"At anytime" oh yeah! I have been trying to get a proper job for 7 months. I am well qualified. It really is not that easy.
> Let the games begin !!
The 'middle' of a recession is not a good time to tell people to get a job. There are plenty of clever and motivated people who are unemployed who are trying to, and can't get a job.
So where are these companies who would employ someone who has been unemployed long term., when they have the pick of the crop coming out of schools and university or even experienced people who have been recently unemployed, to say nothing of European graduates who have upped sticks to get work in other countries including the UK?
It is a crazy policy, spending more money to try and get the unemployable a job in this climate, do they think employers are stupid enough to risk their business taking on someone who has never or rarely worked for whatever reason.
In Nigeria the last Sunday of the month is deemed "Sanitation Day" everyone is expected to go out onto the streets and fill in potholes and clean the streets. They do it for free, ok if they don't the police beat them with sticks ... Some of it is a good idea.
> "Those two weeks [working in a shop] were a complete waste of my time, as the experience did not help me get a job," she said... "I now work part-time in a supermarket".
She may have ment that the experience didn't help her to get a job in what she's studied and is volunteering in? People can imply something without saying it, which can lead to confusion. Pretty annoying it can be, too.
Or, they could do voluntary work for thier local charitable trusts and councils, in things environment and community related?
I know of somebody who spent quite a while doing that, and he now has a job with a group called Blue Loop in Sheffield, to do with maintaining the river water quality and getting local people involved.
It's not as back and white as either doing Sweet FA or working in places like Poundland for free. That much is obvious i'd have thought, to be honest, life is never black and white.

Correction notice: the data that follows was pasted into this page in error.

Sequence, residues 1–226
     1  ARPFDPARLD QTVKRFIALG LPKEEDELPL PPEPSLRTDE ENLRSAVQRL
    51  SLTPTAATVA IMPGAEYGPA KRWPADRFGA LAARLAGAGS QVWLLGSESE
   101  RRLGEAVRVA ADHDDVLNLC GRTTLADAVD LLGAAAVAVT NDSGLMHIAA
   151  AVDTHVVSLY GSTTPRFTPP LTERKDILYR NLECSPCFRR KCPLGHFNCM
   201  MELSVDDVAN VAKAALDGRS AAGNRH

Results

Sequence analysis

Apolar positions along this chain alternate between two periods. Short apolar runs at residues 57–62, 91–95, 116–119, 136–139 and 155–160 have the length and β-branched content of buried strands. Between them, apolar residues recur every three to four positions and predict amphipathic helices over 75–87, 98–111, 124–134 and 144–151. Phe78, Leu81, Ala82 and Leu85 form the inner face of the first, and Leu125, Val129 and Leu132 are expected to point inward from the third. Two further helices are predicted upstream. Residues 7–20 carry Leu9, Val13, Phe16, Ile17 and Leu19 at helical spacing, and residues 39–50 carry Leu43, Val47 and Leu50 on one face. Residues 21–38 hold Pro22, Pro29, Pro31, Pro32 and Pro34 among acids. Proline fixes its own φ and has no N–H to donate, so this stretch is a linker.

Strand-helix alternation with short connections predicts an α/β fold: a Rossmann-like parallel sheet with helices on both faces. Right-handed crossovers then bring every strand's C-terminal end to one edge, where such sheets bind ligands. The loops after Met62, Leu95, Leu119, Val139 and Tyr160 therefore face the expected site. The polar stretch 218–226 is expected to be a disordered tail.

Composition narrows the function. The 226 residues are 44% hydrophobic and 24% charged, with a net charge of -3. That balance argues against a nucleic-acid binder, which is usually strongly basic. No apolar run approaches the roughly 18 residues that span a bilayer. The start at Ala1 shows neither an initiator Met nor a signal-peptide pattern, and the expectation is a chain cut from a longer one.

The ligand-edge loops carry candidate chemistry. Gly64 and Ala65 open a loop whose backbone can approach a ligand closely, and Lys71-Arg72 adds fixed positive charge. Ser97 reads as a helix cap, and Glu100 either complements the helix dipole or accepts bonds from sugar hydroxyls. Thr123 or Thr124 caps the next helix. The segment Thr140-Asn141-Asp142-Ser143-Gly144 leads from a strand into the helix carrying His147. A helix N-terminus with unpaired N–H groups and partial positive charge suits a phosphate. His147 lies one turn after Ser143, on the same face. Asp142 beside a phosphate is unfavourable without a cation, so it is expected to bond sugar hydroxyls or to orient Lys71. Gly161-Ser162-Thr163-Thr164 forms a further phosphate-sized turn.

> Or, they could do voluntary work for thier local charitable trusts and councils, in things environment and community related?
What, like a museum?
Care to translate that from loony left bollocks into English? On second thoughts, don't bother, its drivel in any language.
it means that the posh, moneyed boys & girls at the top (who would like a victorian society) don't care about those, perhaps temporarily, less fortunate.
Apologies for the 3-syllable words.
> What, like a museum?
Indeed, or thier local wildlife trust, or something in helping look after old people.
It's being a part of Cameron's 'Big Society' after all. (:-))
They do it for free, ok if they don't the police beat them with sticks .
And the police get paid to do the beating?
The police should be made to beat them for free !
> And the police get paid to do the beating?
The police get paid mainly by bribery and extortion .. in its own way a rather sterling example of the free enterprise culture.
An unwarranted lack of politeness... (:-))
"The police get paid mainly by bribery and extortion"
There are plenty of countries in which that is true, but fortunately it is not of the UK.
In the 80's recession I remember my old mad doing a 'community service' job in Liverpool....I think he was clearing land and making park environments etc....he did canal clearing etc at one point too. He was actually employed at the time though and I think he had a wage that was higher than benefits but not massively more.
He was glad to do this though as it benefitted the community and wasn't about lining the pockets of companies as free labour.
I'm sure there are lots of social projects that could help with giving people some experience and confidence....it's about people feeling invested in a project and not exploited.
Here's one - there's a real shortage of public bogs, which is quite inconvenient, you might say. Open some up, and pay attendants to man them (and charge for their use).
No corperation was subsidised either.
maybe it's a coincidence, but the community payback (smalltime crims doing community work) haven't been seen around here for a couple of months...maybe they're all in poundshops, now?
There used to be lots of public toilets, the main reason there are very few these days is because they were too expensive to maintain. Even pay toilets will only be sustainable in places with very high densities of people, these places generally have some sort of access to public toilets (shopping centres, train stations etc).
Elsewhere on the site
Make the most of this months HALF PRICE OFFER on the Five Ten Guide Tennie Mid!! Designed as a hybrid approach and... Read more
If asked to name a British female climber who stood out at a time when British women's climbing wasn't... Read more
Hot Aches Productions premiered their latest film Redemption: The James Pearson Story at Kendal Mountain Festival on... Read more
Nikwax’s uncompromising environmental ethos has once again been recognised and rewarded by a trusted authority in... Read more
2012 saw the release of the beautiful first volume of definitive Yorkshire Gritstone climbing, produced by the YMC with Robin... Read more